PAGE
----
Some Texans have been without power for five days, surpassing the record set by the 2021 storm that left millions without power. Despite public outcry and legislative hearings, it happened again. This time, however, it's not the weakness of the power grid but the infrastructure itself.
Temperatures are finally starting to warm, KUT reported, and that has helped repairs go faster. The ice storm froze trees that fall on power lines across the state.
In Austin, "more than a hundred thousand households lost power for days."
"As crews continue their work, the outage restoration process will become even more complex," the utility provider said Saturday morning, noting that it might be a few days before they can fully restore the state.
The Texas Tribune reported that in Austin, "crews were steadily reconnecting customers Saturday, there were still more than 66,000 homes and businesses without power by late afternoon after a midweek ice storm wrought chaos on the city’s electrical system."
Austin Energy said that they've got their trucks out so that people can charge their phones and any other medical equipment. They are offering financial assistance programs for those in need as well.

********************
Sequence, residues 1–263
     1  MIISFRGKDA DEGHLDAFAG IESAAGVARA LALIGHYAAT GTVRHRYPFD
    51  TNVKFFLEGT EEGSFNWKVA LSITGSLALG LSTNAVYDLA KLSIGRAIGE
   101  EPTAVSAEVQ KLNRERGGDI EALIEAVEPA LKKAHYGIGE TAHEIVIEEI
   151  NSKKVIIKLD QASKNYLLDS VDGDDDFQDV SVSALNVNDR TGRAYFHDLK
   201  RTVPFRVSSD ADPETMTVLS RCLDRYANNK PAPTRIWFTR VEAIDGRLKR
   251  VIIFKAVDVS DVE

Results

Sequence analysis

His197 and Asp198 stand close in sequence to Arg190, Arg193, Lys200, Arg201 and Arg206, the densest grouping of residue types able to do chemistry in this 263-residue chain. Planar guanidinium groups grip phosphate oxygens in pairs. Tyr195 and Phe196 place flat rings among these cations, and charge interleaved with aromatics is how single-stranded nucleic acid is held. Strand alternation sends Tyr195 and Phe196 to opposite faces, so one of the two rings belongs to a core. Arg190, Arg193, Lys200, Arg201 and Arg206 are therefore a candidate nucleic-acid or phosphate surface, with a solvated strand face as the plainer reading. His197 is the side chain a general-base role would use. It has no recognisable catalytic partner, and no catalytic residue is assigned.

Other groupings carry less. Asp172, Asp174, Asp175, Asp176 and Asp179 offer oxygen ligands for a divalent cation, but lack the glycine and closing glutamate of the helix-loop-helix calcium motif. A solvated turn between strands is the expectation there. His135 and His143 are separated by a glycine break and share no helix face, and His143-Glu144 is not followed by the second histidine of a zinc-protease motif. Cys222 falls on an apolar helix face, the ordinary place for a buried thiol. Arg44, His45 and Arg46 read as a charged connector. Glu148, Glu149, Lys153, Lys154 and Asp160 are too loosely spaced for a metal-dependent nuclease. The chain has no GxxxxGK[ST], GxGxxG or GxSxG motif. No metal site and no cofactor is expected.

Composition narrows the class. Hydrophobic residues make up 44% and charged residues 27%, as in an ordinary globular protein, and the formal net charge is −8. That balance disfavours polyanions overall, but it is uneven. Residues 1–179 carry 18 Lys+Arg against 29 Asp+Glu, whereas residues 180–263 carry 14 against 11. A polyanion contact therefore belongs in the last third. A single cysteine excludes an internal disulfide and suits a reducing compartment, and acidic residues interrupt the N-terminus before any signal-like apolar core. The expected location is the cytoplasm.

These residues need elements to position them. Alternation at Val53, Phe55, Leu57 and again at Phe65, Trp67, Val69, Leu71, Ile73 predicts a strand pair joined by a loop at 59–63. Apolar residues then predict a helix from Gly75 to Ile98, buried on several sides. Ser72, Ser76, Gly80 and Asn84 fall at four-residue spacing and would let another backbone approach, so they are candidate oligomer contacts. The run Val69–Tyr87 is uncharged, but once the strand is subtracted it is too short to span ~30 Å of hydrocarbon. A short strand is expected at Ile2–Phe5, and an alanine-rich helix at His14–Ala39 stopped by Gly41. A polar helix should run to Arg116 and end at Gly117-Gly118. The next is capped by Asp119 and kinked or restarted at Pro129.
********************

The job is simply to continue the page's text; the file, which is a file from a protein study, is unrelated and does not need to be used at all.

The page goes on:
\u201cIf your power is still out, we\u2019re hosting community events:\n\ud83d\udcf1 Charge your phone & other devices (bring your own cords!)\n\u2695\ufe0f Charge medical devices\n\u2139\ufe0f Learn about our Medically Vulnerable Program & financial assistance options\nWe'll share details on the events throughout the week\u201d— Austin Energy (@Austin Energy) 1675560031
Law school professor Steve Vladeck said that this is past the 100 hour mark for his family.
\u201cAnd on the fifth day, they \u2026 still didn\u2019t have power.\n\nWe\u2019re now past the 100-hour mark \u2014 and well past the length of our snowpocalypse outage from February 2021.\u201d— Steve Vladeck (@Steve Vladeck) 1675609806